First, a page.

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Jim Luce

Jim Luce

Posted May 8, 2009 | 03:03 PM (EST)

When Is a Lawyer Not a Lawyer? When She Acts


"I want to act! Act! To be liberated! To feel free!" Anouk Dutruit told me last week over lunch in Chelsea, near to both her day job and her theater school.

"Acting allows me to breathe, feel alive!"

Making a career in acting is a challenging prospect. What makes Anouk's ambitions even more invigorating is her other career.

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By day an international lawyer, by night an actor.


By day, Anouk Dutruit, Esq. is the Associate General Counsel and Corporate Secretary of AFS Intercultural Programs, a non-profit organization based in New York. AFS is an international organization that provides intercultural learning opportunities throughout the globe.

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European flair both on stage and in the boardroom.


Anouk holds two law degrees - one from the Sorbonne in Paris and the other from the equally prestigious King's College in London. She is also admitted to practice in New York.

In her daily work, Anouk deals with a wide array of legal problems - employment issues, intellectual property, compliance, tort liability. Working for an international organization, she travels to such far-flung places as China, South America, and India.

Despite all this, or perhaps because of it, her dream is to become an actor.

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Not a woman of international mystery: she just wants to act.


"To act is to be elevated by emotion, connected to the present and to your fellow actors. It is a dance shared with your audience. You want the audience to feel what you feel." These are not satisfactions that come from practicing law.

Why would someone so passionate with acting from childhood want to become a lawyer first - in three countries, no less?

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Why now?


"Fear of financial insecurity. I thought that law and litigation were the closest subject matters to acting that I could study which would still provide me with the financial security to seek out acting opportunities. It did and it did not. I got tired of being fearful."

For now, Anouk juggles both careers. Despite heavy work obligations, Anouk has managed, in a very short time, to appear in more than ten short films in the U.S., three of them in the Internet Movie Database: Open Door, Pardon My French, and 15 Waffles.

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Anouk wants to leave law to become a thespian.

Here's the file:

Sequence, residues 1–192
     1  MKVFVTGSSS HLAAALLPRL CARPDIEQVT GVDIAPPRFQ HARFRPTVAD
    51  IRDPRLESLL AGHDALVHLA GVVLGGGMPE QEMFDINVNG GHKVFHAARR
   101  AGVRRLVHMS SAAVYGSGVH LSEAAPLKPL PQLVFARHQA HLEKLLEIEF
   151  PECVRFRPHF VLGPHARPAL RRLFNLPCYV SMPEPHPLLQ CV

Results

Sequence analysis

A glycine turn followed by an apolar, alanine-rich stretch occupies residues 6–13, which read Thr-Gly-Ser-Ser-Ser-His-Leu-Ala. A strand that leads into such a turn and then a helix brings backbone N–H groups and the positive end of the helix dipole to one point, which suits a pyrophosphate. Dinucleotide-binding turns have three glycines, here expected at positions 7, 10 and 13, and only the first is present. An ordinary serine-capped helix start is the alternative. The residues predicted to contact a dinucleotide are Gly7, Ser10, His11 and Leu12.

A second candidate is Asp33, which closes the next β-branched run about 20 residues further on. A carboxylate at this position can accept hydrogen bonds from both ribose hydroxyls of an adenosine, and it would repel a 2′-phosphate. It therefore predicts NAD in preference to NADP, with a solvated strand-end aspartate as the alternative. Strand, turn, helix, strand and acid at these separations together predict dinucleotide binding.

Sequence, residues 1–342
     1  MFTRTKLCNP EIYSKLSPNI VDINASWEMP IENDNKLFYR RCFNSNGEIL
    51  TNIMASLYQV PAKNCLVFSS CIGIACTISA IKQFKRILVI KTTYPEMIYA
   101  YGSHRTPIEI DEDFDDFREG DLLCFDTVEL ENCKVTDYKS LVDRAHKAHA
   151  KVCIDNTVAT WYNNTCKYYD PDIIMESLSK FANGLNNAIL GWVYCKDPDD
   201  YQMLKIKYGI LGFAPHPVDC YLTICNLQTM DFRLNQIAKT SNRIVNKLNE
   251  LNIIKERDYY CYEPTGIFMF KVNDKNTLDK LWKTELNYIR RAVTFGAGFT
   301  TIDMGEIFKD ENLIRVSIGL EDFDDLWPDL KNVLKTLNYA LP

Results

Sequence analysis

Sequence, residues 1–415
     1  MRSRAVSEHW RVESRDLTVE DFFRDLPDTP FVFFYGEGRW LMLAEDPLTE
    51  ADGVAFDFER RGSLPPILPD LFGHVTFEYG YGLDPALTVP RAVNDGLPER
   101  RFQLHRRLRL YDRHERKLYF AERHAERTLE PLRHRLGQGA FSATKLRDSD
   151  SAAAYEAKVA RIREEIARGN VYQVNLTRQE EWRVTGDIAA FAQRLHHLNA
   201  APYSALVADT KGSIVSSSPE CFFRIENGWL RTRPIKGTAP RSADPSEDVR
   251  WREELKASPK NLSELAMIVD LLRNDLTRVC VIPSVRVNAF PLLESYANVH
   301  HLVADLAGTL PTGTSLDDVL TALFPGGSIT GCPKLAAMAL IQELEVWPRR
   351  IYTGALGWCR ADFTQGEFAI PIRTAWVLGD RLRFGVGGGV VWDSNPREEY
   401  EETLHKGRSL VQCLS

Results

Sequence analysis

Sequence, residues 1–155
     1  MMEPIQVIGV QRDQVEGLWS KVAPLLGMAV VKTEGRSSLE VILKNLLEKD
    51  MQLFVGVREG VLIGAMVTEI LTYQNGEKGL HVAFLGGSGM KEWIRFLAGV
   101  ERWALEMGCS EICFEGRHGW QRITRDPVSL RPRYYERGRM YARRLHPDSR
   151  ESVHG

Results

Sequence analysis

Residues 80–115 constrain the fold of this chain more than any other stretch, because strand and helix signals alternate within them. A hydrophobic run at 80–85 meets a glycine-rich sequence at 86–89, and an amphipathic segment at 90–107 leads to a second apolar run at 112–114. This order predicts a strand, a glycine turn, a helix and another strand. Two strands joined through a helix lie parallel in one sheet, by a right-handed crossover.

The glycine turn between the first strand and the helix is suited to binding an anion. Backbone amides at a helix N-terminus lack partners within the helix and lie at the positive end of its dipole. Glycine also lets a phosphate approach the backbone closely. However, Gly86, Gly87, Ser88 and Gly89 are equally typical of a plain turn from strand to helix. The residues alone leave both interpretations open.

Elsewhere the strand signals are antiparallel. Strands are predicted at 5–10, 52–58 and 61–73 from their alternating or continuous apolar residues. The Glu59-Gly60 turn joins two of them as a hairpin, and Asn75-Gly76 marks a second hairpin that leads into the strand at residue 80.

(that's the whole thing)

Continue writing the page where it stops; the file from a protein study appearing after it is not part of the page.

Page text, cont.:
One of her first short films was 15 Waffles, a short comedy posted on YouTube. 15 Waffles is a collection of vignettes that follows four New Yorkers as they lead their friends and family to their favorite breakfast joint.

In it, Anouk plays a Belgian girl with a European accent, hung over after spending a night out with her boyfriend and eager to eat waffles despite the long wait and the awkward presence of her boyfriend's father.

"It was amazing being on set at the wee hours of the day, doing what you love and being surrounded by individuals that do what they do because they love it too! It's empowering!" Anouk exclaimed describing her experience in 15 Waffles.

Using what little spare time she has, Anouk studied acting with Jim Brill at the Neighborhood Playhouse School of the Theatre. This theater is one of the most respected acting schools in the U.S., and best known for teaching the Sanford Meisner technique, based on the renowned Stanislavski System.

Anouk is in good company. Neighborhood Playhouse alumni include such luminaries as James Caan, Robert Duvall, Diane Keaton, Grace Kelly, David Mamet, Gregory Peck, Sydney Pollack, Tony Randall, and Eli Wallach.

With the theater, her worldview has evolved. "In acting, you have imaginary circumstances, but the interactions are truthful, authentic. In life, you have authentic circumstances with too often untruthful interactions."

She idolizes the award-winning Australian actor and theatre director Cate Blanchett. "Cate has an organic presence that is truthful." She also admires Johnny Depp and his portrayals of offbeat, eccentric characters.

Today, Anouk is looking to expand her roles in independent film and the theater. Staying in New York is an obvious choice; the city offers a multitude of theaters both on- and off-Broadway. Many films and sitcoms are shot here.

All she needs now is an agent and a manager.

"Human beings should explore their creative sides, no matter what! Otherwise it's like being constipated. One needs adventure in life," she says. "It gives you ampleur. As you expand your world and life views, you expand yourself."

The creative dimension of acting fits well with Anouk's background. "I have spent more than half of my life in foreign countries, speaking in foreign languages. This has made me more flexible, open to different ways of thinking, without judgments."

What is next? "I am ready to leave the legal field and start to act. So I can be!"

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Anouk Dutruit


Edited by Ethel Grodzins Romm.